NYC has a fetish for signs as art.

But if education is mostly about signaling, then is George Mason really as good as Georgetown?

Yes, and GMU is about as good as NOVA, or home schooling, or self-study. But it's difficult to prove to a future employer, so you must go to college.

4. “the exercise of empathy makes the world worse, [and] that it leads to more suffering and less thriving”

This is actually Dark Jedi philosophy. Not even joking.

1) Bolivia is one of the most interesting countries in the world. Loved this essay, brought back memories. Have you been TC? Don’t recall any posts on MR

"Amazon's PhD economists game out real estate decisions"

Were they the ones were tasked with milking those taxfree deals with city and state governments? Doesn't sound very free market to me.

“doesn’t sound very free market . . .” Of course not. Why would you think they’d be interested in free and fair competition? How would you maximize profit that way? That’s only a “model”. The best model would be one where what is left over for the community or the overall economy would be . . . nothing. THAT is what they are working on.

Come on Tyler. You're a golf pro at a country club. The real money gets made, and handled, up at the clubhouse. By the way, there's nothing wrong with country clubs! It's how capitalism works. What gripes my ass about unis is the 'holier than thou' attitude they have, which is just wildly hypocritical bullshit. Nobody's a bigger phony than a university scion.

#4: Facetiousness and philosophy are a discordant combo.

Yeah, I had the same problem. Taking the column at face value, a number of glaring problems present themselves, e.g., the fact that "empathy" is not an "emotion". Neither is "hatred" according to most taxonomies of emotion I've seen.

And at the core of her argument on hatred is the perhaps trite but nonetheless fair critique that she says:

a. you can't hate ANYTHING, not even Hitler, not even Nazis, not even Nazism.

b. she defines hatred like so: "to hate something is to have an emotional apprehension of it as bad, without thereby apprehending anything else about it as good"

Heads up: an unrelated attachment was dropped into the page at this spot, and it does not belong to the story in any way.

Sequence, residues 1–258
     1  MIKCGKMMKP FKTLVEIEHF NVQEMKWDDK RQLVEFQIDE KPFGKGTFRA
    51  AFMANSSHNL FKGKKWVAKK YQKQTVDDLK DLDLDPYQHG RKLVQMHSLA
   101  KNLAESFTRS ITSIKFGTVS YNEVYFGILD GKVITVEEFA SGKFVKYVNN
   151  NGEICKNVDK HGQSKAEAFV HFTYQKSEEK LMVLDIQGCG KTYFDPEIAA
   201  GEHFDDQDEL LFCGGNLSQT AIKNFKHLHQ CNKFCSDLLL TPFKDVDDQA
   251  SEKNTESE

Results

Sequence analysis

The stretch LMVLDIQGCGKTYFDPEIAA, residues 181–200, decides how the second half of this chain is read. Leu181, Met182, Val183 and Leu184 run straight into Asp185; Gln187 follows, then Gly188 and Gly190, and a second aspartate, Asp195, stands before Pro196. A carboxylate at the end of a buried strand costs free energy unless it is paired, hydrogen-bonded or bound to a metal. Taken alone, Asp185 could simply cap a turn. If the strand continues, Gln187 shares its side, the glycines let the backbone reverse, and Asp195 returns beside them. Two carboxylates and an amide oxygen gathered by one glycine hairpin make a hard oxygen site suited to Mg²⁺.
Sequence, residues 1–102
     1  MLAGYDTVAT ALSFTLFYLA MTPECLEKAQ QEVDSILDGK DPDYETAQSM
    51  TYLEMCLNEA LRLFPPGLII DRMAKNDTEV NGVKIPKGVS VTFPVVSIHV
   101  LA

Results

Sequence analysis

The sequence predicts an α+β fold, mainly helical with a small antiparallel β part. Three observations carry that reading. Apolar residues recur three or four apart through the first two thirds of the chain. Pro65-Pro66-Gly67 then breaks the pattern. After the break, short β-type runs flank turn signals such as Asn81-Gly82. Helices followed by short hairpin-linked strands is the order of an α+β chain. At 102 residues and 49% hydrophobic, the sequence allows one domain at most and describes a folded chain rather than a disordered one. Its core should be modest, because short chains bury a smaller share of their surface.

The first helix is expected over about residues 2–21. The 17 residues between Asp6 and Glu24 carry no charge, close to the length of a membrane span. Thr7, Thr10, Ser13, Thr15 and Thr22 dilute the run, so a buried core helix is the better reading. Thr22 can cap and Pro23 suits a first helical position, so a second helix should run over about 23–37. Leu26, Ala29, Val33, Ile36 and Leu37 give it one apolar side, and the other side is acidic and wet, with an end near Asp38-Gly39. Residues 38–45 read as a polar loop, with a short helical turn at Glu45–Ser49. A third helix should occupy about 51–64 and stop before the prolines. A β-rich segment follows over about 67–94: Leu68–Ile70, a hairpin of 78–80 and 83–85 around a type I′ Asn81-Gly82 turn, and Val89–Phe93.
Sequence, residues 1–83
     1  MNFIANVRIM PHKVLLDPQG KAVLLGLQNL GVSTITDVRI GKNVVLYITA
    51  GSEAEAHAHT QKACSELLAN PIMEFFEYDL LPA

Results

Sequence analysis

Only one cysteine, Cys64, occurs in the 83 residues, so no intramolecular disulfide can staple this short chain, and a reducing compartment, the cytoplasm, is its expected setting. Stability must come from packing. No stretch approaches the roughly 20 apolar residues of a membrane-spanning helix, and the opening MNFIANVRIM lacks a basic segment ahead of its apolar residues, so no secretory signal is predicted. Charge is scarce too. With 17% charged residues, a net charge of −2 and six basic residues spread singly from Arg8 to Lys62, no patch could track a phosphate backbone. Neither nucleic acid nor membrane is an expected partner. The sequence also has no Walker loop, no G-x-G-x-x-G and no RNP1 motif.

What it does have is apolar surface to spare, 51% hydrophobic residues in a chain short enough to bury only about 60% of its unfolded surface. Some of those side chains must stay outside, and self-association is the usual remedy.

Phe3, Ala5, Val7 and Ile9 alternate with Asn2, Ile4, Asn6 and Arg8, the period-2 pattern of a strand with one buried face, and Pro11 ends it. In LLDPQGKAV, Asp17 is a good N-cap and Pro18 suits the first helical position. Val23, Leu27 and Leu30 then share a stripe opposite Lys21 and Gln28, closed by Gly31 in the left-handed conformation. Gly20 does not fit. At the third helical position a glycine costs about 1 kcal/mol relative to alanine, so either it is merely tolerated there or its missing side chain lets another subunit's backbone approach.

c. she characterizes hatred alike so: "an emotion that is all bathwater, no baby... Hatred has no redeeming qualities. It is a bad way of being bad. We should excise it from the human soul."

According to her own framework, it's clear that she "hates" the emotion [sic] of hatred. Which she says is something you're never allowed to do, not even when it's directed at abstract ideologies or thought processes.

A little silly, but then so is the column.

#3: "...the mania to get into brand-name schools that fueled the criminal charges against 50 wealthy parents, college coaches, test officials and admissions consultants .... a betrayal of the core American value of equal opportunity."

Meritocracy. I'm reading Helen Andrews' excellent Hedgehog Review piece from a few years ago, that was re-upped in the wake of this "scandal" (shouldn't the word scandal be reserved for things that are really shocking or at least surprising?), and it suggests, among other ironies (yes, they really are, read it), that one meritocratic prize is to write the latest book decrying the results of the meritocracy.

I don't think we quit talking about this subject until we figure out the problem.

A mechanic nowadays obviously knows his own subject better than the members of the meritocracy, *but* he knows their "subject" better as well.

Why is this? Are we admitting stupid people, somehow, to elite universities? Or are universities making smart people stupid?